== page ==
Question: Was John the only one who wrote the fourth gospel or were there 2 other writers as some have claimed?
To discuss the authorship of the fourth gospel of the New Testament, we look at both the external evidence and internal evidence.
External evidence refers to the evidence that is outside the text. The testimony of the early church strongly point in favor of John, the son of Zebedee, as the author of the fourth gospel.
- Theophilus of Antioch (A.D. 180) agrees with the superscription to the Gospel and attributes at least its opening lines to “John,” whom he names as one of the “spirit-bearing men” whose authority ranks with that of “the holy writings.” He does not identify “John” either as “son of Zebedee,” or “apostle,” or “disciple of the Lord.” His testimony could have been simply taken from the superscription, “According to John.”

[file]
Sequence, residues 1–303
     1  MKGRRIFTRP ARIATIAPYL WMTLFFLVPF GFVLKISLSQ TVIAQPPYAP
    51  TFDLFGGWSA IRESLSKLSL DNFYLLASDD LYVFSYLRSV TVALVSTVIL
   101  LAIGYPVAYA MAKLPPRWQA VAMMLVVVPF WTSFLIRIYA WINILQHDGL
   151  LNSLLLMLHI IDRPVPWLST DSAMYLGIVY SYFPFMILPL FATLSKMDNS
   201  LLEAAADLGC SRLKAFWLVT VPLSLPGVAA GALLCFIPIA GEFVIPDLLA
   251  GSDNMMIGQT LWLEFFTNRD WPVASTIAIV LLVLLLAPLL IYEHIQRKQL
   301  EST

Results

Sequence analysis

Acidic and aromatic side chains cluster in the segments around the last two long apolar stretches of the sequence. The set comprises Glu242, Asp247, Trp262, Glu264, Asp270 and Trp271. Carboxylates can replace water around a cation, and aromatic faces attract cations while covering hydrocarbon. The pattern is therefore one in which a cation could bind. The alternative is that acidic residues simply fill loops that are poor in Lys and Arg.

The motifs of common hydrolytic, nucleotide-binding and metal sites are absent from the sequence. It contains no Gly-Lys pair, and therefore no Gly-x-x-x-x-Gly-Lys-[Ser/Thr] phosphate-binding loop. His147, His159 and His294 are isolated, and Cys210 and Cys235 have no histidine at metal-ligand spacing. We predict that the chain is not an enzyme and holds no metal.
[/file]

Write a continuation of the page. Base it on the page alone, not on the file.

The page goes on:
- Irenaeus (A.D. 130-202) says that it was written by John the Apostle, and his source appears to have been Polycarp, who knew John personally. This is considerably later than we might have expected.
I remember the events of those days more clearly than those which have happened recently, for what we learn as children grows up with the soul and becomes united to it, so I can speak even of the place in which the blessed Polycarp sat and disputed, how he came in and went out, the character of his life, the appearance of his body, the discourse which he made to the people, how he reported his converse with John and with the others who had seen the Lord, how he remembered their words, and what were the things concerning the Lord which he had heard from them, including his miracles and his teaching, and how Polycarp had received them from the eyewitnesses of the word of life, and reported all things in agreement with the Scriptures. (Irenaeus)